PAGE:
blog: Skiing safe in the early season |

blog: Skiing safe in the early season

Andrew Erler
Vail CO, Colorado

Vail’s open, the snow is falling, and the lifts are running. Whether here for life or just a few short days, we all wake up early, in order to catch that first chair up and hopefully find some un-tracked powder, an un-tracked groomer, or a line of perfect bumps.

We race around the mountain, skiing whatever we feel like when the mood strikes. Sadly, however, we do not have as much snow as we will in a month, so we need to be extra careful while skiing in order to not get hurt, and perhaps have our season ruined before it even gets going. So, here are my tips to stay safe in the early season both here on Vail Mountain and at other ski hills, near and far.

Stay under control. This is something which we should always do, but especially now in the early season. With less snow on the hill, many of the runs fluctuate more than they will in a month. A dip here, a bump there, and if we are out of control we could be the proud masters of a yard sale of epic proportions.

Also, many of us have not been on skis for the entire summer, and as a result our muscles are a bit weak, our reflexes a bit slow, so we need to take extra caution in what we attempt and the speeds at which we do it.

Stay out of the trees. Tree-skiing is a blast, something I love to do. But early season tree-skiing can be especially dangerous, because there is not enough snow to fully cover stumps, rocks, fallen logs and other hazards.

Right now, the risk of suffering an injury is not worth the reward of skiing in the trees. One of my roommates (Matt Harahush) was skiing right inside the tree line of Simba last week when his skies caught a fallen log and ejected him into a tree stump. The result was a couple bruised ribs and a no-go for skiing for a couple weeks. Matt would just like to say, “Stay out of the trees for another couple weeks and ski smart, and hopefully you won’ get hurt as well.”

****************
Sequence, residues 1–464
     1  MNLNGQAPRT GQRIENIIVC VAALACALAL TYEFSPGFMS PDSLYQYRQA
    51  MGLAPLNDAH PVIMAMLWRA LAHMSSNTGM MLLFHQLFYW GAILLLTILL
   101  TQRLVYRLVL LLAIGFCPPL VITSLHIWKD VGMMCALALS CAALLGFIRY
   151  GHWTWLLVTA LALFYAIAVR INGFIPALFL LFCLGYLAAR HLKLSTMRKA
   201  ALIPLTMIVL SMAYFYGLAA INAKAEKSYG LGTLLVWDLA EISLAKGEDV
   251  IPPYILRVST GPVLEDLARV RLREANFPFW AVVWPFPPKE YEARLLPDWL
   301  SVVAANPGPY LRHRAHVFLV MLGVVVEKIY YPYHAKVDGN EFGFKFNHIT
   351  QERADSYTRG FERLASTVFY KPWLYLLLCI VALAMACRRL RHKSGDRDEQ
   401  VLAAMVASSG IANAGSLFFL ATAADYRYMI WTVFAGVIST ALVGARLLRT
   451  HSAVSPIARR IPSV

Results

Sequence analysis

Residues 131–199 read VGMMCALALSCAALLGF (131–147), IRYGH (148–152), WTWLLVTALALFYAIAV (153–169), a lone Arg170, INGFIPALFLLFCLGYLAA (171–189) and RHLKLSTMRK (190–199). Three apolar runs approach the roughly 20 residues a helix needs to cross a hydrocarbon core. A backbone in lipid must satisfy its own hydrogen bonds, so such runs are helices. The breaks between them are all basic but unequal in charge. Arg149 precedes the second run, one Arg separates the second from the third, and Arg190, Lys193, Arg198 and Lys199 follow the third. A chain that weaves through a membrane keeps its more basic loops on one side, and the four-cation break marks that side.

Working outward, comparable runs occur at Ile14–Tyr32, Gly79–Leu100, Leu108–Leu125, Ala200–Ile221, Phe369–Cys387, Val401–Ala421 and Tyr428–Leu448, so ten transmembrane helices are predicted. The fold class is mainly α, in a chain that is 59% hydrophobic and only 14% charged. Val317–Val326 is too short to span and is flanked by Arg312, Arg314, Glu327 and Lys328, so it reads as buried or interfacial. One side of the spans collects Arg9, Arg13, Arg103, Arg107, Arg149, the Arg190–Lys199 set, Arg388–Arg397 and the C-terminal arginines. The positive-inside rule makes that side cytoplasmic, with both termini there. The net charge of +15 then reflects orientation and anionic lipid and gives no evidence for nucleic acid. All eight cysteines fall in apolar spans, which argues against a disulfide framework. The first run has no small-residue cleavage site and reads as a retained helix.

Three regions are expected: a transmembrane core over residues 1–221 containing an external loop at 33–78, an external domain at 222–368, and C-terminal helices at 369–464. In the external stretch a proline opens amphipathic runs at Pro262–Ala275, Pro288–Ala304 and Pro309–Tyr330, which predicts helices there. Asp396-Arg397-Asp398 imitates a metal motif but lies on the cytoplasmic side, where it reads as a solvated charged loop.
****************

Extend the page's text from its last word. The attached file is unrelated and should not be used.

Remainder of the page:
Be careful where you jump. Who doesn’t love flying through the air after hitting a sweet roller, or jumping of a cliff and experiencing free fall for 15 feet?

Those are great things, which we can do safely … but only after practicing quite often.

However, the early season is not the time for those actions, as we do not have enough snow to be sure of a good, solid landing. On many runs on Vail right now, there are air pockets beneath the snow. If skiers jump in the wrong spot they can break through the upper level and find ourselves stuck, or worse.

If you do plan on jumping this time of year, be sure to scout out your approach and landing zone beforehand, from all angles, in order to make it as safe as possible.

Hit the breaks early and stop below your friends. Many skiers get injured because they wait too long to slow down or try to spray their friends with snow as they stop. When entering a congested area, merging with another trail, or stopping on a trail, generally slow down before making the stop or merging. By doing this we can better control our stop. This also helps us in case we cannot stop. Crashes at lower speeds are generally less painful and dangerous.

Also, when stopping near some friends you should always ski or board around them and then stop below them. By doing this we can make sure that we do not hit any of our friends, as well as giving us plenty of room to stop should an unexpected problem develop.

So go out there are and have a blast, but remember to be safe.

Andrew can be contacted at

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